Game changer #2: Services Collaboration!

For many years we have showed how our Services Node is a catalyst for services. An on-premises controller (Services Node), with a services module, can enable managed cloud and application services beyond basic coverage and capacity.

We have been working with leading companies to show use-case examples:

  • IBM for handset-to-location video, and advertising “push” services for use at venues and shopping malls.
  • HP and Vodafone UK for in-building location (which won us all an award from the Small Cell Forum in 2014).
  • Intel/McAfee for policy enforcement and identify and prevent network security threats at the edge.
  • Saguna for backhaul savings and user experience benefits using a centralized content cache.
  • Druid and Tango for extension of enterprise UC, PBX and mobile call services inside and outside the enterprise network. See Druid’s hospital use case.

Ken Rehbehn (Principal Analyst, 451 Research/Mobile) puts this into context:

“Enterprises recognize the strategic importance of mobile communications as a tool for business agility and efficiency, but simple in-building coverage and capacity fixes may not be sufficient. By augmenting in-building small cell mobile services with flexible mobile edge computing capabilities, enterprises gain a potent toolkit to get the most value out of smart building and Unified Communications applications.

Next week, at the Small Cells World Summit, we will provide further insight to how the Services Node drives services revenue beyond coverage and capacity:

  • How – the mobile device IMSI can be paired to the enterprise active directory for authentication, as well as provide broadcast alerts within the building where the controller is deployed.
  • How – Smart building operations benefit from mobile devices to improve zone heating and air-conditioning usage by monitoring the number of mobile devices and location within the building or campus.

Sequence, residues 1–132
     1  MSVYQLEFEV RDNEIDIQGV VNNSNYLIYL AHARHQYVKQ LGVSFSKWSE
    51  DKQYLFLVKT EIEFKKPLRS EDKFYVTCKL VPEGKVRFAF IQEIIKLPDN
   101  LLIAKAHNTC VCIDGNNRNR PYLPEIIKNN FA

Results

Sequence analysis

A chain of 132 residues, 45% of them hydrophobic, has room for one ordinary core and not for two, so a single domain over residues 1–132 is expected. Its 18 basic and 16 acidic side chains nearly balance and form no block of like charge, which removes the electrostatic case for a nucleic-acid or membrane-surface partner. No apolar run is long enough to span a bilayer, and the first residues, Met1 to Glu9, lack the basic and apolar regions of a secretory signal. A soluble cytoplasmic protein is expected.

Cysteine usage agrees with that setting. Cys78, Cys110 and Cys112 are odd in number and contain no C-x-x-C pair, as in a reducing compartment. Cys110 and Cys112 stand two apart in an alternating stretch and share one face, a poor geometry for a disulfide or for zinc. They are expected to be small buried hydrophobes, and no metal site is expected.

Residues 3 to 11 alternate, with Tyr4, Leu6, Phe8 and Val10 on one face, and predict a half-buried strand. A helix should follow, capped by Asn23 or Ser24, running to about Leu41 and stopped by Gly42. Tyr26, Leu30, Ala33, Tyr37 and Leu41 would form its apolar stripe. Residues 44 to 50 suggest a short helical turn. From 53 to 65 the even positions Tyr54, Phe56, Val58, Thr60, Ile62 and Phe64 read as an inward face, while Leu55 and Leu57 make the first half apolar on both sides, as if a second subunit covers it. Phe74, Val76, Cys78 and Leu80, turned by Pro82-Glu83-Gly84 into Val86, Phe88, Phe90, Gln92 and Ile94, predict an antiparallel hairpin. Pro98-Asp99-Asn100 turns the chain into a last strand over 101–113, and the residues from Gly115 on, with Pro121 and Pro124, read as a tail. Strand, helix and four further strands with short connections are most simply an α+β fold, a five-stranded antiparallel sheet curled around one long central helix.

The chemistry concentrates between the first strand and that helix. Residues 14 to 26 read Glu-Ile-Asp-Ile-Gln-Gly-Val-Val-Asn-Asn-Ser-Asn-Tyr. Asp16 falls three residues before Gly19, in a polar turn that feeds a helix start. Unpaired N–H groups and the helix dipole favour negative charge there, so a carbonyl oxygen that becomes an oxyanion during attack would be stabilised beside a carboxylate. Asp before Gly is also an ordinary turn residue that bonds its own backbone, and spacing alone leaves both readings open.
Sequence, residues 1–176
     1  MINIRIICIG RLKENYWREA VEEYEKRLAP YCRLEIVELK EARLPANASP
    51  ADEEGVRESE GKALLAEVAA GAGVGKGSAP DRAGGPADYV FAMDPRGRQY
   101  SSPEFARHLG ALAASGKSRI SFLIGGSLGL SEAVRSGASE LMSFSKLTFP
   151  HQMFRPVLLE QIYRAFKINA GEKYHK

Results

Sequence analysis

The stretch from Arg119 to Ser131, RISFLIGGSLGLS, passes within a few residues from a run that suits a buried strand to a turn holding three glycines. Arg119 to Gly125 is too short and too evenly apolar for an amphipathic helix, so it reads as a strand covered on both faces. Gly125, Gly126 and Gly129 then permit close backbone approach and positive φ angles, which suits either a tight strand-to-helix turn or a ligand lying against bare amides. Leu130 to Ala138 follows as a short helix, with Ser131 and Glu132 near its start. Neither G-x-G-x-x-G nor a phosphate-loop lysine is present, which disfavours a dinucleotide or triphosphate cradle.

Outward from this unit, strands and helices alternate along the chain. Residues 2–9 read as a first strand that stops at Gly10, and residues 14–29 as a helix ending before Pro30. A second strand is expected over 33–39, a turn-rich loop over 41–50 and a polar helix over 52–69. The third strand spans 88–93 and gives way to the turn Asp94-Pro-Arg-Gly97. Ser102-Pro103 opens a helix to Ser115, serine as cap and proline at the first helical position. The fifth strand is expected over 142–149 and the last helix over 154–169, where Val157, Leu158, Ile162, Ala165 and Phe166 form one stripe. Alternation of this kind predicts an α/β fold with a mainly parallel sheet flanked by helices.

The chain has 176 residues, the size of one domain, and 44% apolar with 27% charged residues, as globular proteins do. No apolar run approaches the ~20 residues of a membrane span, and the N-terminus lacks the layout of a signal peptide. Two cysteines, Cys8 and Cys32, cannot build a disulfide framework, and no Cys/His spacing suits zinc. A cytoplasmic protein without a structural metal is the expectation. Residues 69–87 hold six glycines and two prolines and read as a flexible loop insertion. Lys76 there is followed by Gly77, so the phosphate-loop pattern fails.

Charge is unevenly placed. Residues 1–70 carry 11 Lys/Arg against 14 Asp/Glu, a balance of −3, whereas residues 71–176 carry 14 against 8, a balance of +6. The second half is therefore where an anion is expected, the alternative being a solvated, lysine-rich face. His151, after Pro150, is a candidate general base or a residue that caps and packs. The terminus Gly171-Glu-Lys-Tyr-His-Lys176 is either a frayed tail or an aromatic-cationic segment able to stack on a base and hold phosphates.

• How – you can improve building security access by using mobile devices as secondary identification and verification to building badge access.
  • How – the small cell system can enable location and context aware services and execute building-wide alerts to all mobile devices connected to the LAN.
  • How – compliance services can be enabled with policy filtering and identify and prevent mobile LAN network access to non-compliant web sites.
  • How – you can improve network security by blocking malicious packets sent by a mobile device within the LAN, and protect a device from malicious packets sent by a server on the Internet.

Game Changer #3 Services Revenue

The great majority of large businesses would pay over 30% more per-employee for an indoor cellular solution with managed services (iGR survey).

With our eco system partners, and now Cisco, a scalable small cell system deployed over a basic Cat5e LAN (or VLAN), can indeed open up a $100B services market with smart building and Unified Communications (Exact Ventures report).

SpiderCloud’s scalable small cell system provides real-time coordination and distributed SON capability up to 100 dual-band 3G+4G or 4G+4G access points (up to 200 sectors of capacity), enough to effectively offer reliable managed services for buildings and offices up to 1.5 million square feet.

DAS is no-go on Services

Unless you have IT funds like Google and Apple, managed cloud and applications services is a no-go. As we pointed out in the “DAS is D.E.A.D (as we knew it)” blog, and our blog about Ericsson Radio Dot (a year later), enabling services beyond coverage and capacity for DAS-based systems is simply a non-starter.

Our scalable small cell system technology is in use with América Móvil/Telcel, Avea, Verizon, Vodafone UK and Netherlands and Warid Telecom, among others.

See us at Small Cells World Summit next week (June 9-11 in London), or look for us at these upcoming events:

Keep in mind that if you have an IT-friendly and scalable small cell system, you can enable cloud and managed services to increase ARPU.